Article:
Thanks for ths informations, infact it’s enlightable. I want to let everybody know that all west africans are curropted via sorts of fraud. May Allah (swt) help us to track down all these rogues In Shaa Allah. Ma Salam

  9. grant

    January 14, 2014 at 5:46 AM

    thanks for exposing this imposter …. i been saying this for quite some time now … all you need to do is add “insha’allah” and some “masha’allahs” after a sentence to pretend to be a muslim

    • Taoheedah

      January 25, 2014 at 5:09 PM

      he may or may not be a Muslim, I don’t think we have enough evidence. May Almighty Allah guide him and forgive him.

  10. Yasir Qadhi

    January 14, 2014 at 9:40 AM

    Salaam Alaikum

    This person has harassed many people in our names, and I pray that Allah guides him before his death and causes him to publicly repent.

    Please be aware that the only official Facebook is http://www.facebook.com/yasir.qadhi. And it is a FAN page, not a PERSONAL page, and I never ever contact people asking them to add me.

    This fake person uses a personal page and adds numbers to the end of the address, for example http://www.facebook.com/yasir.qadhi.1

    He has done the same for at least seven other Western scholars (and probably a few Eastern scholars as well?!)

    Yasir Qadhi

  11. Zaid

    January 14, 2014 at 12:49 PM

    Forget everything else, the fact that he said “well said” (which for some reason made me Lol), was far more then sufficient proof that something was terribly wrong with the guy.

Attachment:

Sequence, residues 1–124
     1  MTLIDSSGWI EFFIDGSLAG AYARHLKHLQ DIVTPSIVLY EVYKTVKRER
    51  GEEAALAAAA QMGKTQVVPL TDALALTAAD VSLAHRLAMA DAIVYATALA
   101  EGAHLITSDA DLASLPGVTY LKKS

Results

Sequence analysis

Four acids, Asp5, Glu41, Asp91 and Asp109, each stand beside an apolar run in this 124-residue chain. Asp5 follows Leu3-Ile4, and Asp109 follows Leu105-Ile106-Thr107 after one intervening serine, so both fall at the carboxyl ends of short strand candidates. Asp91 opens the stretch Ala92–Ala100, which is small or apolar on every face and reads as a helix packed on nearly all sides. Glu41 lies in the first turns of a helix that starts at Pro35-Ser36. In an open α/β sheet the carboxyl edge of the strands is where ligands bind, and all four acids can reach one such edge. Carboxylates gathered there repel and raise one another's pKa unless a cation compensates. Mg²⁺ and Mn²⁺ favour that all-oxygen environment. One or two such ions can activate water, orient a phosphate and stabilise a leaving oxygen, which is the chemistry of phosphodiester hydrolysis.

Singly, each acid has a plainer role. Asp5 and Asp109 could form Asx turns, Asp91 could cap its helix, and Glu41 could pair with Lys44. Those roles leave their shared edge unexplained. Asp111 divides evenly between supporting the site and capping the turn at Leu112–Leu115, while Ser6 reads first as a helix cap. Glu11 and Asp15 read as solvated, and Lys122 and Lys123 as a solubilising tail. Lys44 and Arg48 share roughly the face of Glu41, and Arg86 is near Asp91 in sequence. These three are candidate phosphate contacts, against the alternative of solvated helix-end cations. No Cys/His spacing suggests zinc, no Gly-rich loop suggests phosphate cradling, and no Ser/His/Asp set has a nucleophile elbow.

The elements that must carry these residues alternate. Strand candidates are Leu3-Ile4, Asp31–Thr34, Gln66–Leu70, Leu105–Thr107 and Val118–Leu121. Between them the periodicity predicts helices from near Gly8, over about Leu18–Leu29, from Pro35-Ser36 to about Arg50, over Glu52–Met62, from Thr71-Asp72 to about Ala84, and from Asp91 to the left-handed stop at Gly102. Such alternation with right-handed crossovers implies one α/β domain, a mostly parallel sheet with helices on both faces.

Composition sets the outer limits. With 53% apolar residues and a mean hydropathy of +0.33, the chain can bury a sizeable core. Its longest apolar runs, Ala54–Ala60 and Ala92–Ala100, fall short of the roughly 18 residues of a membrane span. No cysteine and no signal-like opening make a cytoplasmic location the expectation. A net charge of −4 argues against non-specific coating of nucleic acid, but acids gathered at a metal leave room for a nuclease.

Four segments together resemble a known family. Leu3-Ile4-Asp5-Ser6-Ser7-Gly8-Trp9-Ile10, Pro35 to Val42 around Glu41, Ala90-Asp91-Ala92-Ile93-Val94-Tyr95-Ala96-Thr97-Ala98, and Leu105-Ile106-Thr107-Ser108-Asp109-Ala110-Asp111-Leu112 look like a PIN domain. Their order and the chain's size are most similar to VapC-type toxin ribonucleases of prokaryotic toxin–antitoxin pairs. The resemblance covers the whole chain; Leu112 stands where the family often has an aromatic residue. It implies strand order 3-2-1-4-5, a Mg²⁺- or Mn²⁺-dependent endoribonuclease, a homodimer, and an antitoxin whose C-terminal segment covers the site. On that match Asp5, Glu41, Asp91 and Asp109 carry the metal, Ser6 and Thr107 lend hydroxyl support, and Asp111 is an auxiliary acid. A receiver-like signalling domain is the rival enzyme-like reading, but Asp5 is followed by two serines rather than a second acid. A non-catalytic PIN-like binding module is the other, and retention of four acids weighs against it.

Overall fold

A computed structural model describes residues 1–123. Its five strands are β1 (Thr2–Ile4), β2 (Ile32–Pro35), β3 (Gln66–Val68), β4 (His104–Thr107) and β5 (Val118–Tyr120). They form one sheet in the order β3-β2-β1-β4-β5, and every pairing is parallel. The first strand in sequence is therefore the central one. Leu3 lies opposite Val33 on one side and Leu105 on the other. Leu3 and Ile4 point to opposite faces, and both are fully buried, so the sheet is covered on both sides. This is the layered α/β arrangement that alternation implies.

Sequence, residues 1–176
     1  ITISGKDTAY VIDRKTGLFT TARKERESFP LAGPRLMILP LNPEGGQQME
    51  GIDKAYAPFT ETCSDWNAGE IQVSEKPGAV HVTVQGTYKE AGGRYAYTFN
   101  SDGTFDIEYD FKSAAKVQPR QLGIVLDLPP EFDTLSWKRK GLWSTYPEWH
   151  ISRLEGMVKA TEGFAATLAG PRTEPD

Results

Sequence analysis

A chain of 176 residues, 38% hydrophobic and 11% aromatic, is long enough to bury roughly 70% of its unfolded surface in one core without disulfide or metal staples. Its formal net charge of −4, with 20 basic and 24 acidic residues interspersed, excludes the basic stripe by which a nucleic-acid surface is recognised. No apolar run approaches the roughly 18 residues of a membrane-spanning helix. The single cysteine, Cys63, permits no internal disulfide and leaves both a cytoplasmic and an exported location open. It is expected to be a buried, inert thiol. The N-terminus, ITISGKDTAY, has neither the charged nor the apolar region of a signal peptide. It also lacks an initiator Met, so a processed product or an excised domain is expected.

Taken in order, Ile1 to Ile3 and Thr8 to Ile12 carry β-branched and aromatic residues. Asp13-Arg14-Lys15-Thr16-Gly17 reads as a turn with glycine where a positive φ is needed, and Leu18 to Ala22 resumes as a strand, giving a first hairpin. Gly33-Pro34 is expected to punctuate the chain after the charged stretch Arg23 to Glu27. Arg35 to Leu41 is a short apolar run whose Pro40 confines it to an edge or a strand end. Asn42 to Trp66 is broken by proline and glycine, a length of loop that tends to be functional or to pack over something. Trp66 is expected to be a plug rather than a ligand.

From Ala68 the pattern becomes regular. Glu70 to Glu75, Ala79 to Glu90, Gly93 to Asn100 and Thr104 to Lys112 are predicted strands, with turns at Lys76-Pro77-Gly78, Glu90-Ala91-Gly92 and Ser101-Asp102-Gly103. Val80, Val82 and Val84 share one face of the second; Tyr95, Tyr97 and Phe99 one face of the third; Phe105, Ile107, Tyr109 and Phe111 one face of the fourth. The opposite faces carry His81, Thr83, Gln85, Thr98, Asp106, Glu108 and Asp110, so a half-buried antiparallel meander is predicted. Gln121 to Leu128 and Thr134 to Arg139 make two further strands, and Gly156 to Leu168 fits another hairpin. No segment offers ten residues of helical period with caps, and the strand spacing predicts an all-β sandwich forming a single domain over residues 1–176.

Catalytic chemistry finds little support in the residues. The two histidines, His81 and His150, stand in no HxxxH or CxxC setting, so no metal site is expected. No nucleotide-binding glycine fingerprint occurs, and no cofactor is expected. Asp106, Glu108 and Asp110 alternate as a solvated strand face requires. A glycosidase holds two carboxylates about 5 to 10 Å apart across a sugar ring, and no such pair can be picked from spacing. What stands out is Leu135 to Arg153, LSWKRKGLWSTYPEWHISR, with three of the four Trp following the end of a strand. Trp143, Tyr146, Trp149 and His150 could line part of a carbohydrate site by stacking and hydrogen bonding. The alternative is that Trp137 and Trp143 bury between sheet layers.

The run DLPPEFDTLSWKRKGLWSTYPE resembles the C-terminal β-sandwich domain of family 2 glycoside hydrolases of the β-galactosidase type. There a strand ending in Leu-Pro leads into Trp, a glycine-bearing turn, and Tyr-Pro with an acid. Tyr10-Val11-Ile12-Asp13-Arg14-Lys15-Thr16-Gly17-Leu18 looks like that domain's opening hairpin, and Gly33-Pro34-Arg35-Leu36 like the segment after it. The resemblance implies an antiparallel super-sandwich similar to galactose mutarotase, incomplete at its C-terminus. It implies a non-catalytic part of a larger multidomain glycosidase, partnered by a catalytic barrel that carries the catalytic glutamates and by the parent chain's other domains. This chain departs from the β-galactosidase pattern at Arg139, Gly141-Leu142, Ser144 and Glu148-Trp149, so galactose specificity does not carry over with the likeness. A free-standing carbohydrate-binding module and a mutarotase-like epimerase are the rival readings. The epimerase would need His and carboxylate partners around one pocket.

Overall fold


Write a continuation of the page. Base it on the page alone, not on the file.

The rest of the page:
12. sakib

    January 14, 2014 at 1:40 PM

    I could see it was fake when he asked the question: “have you been following my teachings?” This is not the kind of language fitting for a Sheikh to use.

  13. Wael Abdelgawad

    January 15, 2014 at 1:54 AM

    Poor grammar, asking for donations to his own account, the mention of Nigeria… All big red flags.

  14. akbar

    January 15, 2014 at 10:28 AM

    Assalamualaykum,
    I am Nigerian and Nigeria is not all dead neither does it always raise red flags. It is just so sad and pathetic what some of these people do, however its not yardstick to paint all with same brush, however its important we verify some of these claims, and there should be a clear demarcation between requesting for assistance and stealing by impersonation.
    The only advise we give is you can go to any length for the authenticity of claims these people even steal from Nigerians so sad. As its obvious, its not only in Nigeria its a network now from India to US, Malaysia and UK, people should not just be naive.
    Seriously, I actually can’t deny this problem exist and that its by a few people to destroy a lot of good.

  15. Lenny

    January 15, 2014 at 1:16 PM